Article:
DR. JOHN MAUPIN, PRESIDENT, MOREHOUSE SCHOOL OF MEDICINE: It's going to take a long time to have the kind diversity that this country needs so that students can believe that that's what they can be. Biggest barrier right now is the graduation rate of African-American males and African-Americans from high school. We're having too many people drop out.

ESTES: I don't think we necessarily receive the type of support we needed to. Medical school is expensive. And so, not necessarily financial support, not the emotional support.

GUPTA: Morehouse School of Medicine says that the majority of its alumni go on to work in rural areas and inner cities. It's the core of the school's mission, ensuring diversity in underserved communities.

ESTES: OK, thank you so much.

GUPTA: Here at Memorial Hospital, it's an opportunity for Dr. Estes to work with minority patients. Eventually, she wants to open up a women's center. But on this day, the emphasis was all on her patient, and the new baby she helped deliver: Little Allison.

ESTES: They always say you'll never forget the first baby you delivered. I'll never forget that it's a baby girl and just new life into this world. And that's really exciting.


GUPTA: Now, you know who's been working on a lot of stories like this is our very own Soledad O'Brien. She's got a special documentary that she's working on for some time. I see her in airports all over the country, flying all over the place. It's called "Black in America 2." Catch it here, only on CNN, July 22nd and 23rd.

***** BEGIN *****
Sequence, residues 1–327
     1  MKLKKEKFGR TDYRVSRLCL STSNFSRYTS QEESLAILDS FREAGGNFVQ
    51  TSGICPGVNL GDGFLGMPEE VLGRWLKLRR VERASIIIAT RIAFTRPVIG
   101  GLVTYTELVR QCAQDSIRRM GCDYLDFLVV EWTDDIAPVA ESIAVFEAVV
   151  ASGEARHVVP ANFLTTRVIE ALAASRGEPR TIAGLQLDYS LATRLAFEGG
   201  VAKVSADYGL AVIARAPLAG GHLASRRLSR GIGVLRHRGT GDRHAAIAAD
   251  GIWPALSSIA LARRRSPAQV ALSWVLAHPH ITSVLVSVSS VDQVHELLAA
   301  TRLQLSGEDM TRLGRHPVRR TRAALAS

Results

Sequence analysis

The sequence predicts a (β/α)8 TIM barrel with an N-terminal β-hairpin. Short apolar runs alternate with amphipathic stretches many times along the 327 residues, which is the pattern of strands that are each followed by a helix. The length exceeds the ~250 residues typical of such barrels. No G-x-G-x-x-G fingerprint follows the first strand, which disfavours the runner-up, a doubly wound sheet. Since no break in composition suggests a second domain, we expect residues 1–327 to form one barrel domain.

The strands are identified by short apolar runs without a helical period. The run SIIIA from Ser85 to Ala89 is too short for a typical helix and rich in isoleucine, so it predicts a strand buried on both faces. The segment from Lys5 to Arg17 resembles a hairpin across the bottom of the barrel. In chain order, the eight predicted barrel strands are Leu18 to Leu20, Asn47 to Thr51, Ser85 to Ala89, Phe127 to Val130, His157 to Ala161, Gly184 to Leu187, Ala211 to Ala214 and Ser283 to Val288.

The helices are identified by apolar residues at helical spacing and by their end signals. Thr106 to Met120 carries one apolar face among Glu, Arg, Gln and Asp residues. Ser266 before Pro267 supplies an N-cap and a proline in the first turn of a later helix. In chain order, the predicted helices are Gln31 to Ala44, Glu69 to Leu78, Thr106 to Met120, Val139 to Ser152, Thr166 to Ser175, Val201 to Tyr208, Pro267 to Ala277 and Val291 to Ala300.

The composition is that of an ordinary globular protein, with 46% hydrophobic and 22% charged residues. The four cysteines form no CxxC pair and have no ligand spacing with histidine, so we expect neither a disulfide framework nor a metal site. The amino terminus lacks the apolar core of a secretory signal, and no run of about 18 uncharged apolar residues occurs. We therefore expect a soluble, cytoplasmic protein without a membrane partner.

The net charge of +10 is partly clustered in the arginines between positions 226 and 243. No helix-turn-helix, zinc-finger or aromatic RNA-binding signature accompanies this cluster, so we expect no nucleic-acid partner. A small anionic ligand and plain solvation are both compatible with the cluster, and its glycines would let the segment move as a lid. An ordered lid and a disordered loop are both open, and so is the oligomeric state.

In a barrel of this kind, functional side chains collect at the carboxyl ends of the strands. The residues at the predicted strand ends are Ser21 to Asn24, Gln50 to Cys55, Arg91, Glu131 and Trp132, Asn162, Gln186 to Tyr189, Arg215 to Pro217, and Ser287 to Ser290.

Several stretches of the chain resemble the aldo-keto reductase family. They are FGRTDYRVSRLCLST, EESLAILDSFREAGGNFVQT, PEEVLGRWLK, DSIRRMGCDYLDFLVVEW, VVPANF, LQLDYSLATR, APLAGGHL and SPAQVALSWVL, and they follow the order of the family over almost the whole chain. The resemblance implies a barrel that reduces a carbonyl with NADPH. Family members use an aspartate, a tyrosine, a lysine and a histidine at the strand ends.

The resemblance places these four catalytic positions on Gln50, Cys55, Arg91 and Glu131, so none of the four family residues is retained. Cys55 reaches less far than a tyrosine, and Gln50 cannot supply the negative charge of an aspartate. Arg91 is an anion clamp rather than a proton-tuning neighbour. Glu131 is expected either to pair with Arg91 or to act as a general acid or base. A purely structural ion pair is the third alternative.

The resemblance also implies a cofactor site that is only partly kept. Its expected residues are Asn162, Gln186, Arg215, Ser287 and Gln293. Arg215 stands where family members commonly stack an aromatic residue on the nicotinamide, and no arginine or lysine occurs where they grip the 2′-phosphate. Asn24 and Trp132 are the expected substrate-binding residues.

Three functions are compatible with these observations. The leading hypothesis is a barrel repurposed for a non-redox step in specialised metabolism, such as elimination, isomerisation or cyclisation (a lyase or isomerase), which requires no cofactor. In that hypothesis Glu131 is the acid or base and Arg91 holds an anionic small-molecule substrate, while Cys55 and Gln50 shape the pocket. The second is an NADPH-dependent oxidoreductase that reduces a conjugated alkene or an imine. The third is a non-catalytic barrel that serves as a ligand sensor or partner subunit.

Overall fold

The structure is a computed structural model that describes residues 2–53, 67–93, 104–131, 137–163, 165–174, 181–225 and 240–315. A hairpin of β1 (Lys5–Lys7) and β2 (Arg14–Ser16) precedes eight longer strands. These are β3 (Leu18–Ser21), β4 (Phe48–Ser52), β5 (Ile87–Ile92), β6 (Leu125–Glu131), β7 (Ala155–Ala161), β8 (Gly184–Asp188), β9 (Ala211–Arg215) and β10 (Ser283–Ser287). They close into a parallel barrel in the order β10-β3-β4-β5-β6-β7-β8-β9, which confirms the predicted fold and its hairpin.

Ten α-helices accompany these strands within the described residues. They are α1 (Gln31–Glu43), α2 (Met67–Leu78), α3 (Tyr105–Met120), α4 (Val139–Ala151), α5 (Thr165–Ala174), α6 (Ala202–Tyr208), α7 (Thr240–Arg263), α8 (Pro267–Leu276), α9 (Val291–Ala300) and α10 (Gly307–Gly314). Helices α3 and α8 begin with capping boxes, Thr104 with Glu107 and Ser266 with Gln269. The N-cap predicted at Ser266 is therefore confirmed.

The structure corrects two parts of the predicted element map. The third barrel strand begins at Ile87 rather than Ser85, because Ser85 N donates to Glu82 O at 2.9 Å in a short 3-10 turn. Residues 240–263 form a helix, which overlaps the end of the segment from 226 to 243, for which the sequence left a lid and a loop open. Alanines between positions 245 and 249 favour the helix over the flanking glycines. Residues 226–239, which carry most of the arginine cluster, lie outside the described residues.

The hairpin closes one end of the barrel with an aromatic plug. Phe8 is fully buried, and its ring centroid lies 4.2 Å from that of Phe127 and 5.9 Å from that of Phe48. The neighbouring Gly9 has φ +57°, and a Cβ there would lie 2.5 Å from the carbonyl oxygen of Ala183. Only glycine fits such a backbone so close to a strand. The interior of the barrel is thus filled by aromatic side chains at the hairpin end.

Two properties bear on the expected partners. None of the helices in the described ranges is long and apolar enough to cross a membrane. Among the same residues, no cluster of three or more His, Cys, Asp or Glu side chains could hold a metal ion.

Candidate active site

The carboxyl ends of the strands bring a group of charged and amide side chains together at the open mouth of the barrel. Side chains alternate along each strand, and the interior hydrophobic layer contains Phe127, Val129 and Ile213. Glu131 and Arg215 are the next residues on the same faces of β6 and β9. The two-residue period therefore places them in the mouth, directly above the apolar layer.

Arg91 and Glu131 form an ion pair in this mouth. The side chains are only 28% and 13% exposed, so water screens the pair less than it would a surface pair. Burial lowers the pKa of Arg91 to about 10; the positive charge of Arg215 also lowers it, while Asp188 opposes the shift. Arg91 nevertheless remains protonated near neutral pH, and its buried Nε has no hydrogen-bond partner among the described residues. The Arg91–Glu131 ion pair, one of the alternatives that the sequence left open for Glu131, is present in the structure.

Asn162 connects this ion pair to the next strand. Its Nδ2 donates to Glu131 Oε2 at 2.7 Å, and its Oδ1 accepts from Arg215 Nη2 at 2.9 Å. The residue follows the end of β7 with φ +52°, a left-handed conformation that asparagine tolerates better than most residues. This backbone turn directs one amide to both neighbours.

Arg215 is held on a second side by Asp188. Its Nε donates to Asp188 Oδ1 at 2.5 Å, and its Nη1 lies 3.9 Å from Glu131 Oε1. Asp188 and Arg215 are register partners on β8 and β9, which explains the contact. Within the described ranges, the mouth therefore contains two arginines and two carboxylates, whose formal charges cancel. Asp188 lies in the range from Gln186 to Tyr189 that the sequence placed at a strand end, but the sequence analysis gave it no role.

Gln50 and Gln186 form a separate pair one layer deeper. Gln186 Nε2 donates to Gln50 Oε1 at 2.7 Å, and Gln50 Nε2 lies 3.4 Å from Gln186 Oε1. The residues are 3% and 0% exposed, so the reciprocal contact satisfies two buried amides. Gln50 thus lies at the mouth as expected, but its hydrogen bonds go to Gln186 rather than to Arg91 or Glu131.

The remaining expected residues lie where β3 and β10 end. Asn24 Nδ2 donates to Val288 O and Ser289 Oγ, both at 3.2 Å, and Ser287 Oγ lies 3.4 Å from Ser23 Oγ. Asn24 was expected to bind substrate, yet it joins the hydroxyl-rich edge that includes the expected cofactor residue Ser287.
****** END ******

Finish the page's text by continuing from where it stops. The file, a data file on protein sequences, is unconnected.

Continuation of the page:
GUPTA: Welcome back to HOUSE CALL.

A cardiac arrest is what killed Michael Jackson. And a lot of people wondering this week, what would they do if someone suddenly collapsed in front of them? Would they know how to perform CPR? Would they be able to save a life?

We're about to introduce you to a woman who had a very clever tool, sort of reminding her exactly what to do. Elizabeth Cohen has her story.

Elizabeth, so, what did she do?

ELIZABETH COHEN, CNN SR. MEDICAL CORRESPONDENT: Sanjay, Deborah Bader indeed is an amazing woman.

Here's what happened. She was taking a walk in the woods with her husband Christopher -- he was 53 at that time -- and all of a sudden, he just fell to the ground. Deborah recognized the signs of cardiac arrest and she immediately began banging on his chest and she knew because of a one-minute radio PSA that she'd heard that she should beat to the tune of "Staying Alive," yes, that old Bee Gees song, because that song has about 100 beats per minute and that's about how many times per minute you're supposed to beat on someone's chest.

Christopher's doctor says that Deborah saved his life because it took 15 minutes for EMTs to come to the scene deep in the woods. Now, it's interesting, when Deborah got to the hospital, she -- you know, the doctors heard the story and they commended her and they said, "You know what we do, we do CPR to the beat of another song called 'Another One Bites the Dust.'" Another one's got, another one's got -- that's also 100 beats per minute.

Deborah said she prefers "Staying Alive" to "Another One Bites the Dust," but she said that ER doctors kind of have a dark sense of humor. But, Sanjay, the bottom line is that, even if you haven't had formal CPR training you still can save a life -- Sanjay?

GUPTA: All right. Thanks, Elizabeth.

We thought this was a really important topic. So, if you go to, you can find a lot more information there, as well as a quiz to test your knowledge of CPR. You should go there now and take the quiz.

If you fail the quiz, we're going to provide you some resources, try and find a class near you. Take a CPR class, do it today. You could possibly save a life.

You've been tweeting, e-mailing, blogging us all your questions. I've got the answers. "Ask the Doctor" -- that's next.


GUPTA: And we're back with HOUSE CALL.

It's time for my favorite segment of the show, we're not going to let it go, even from here in Los Angeles.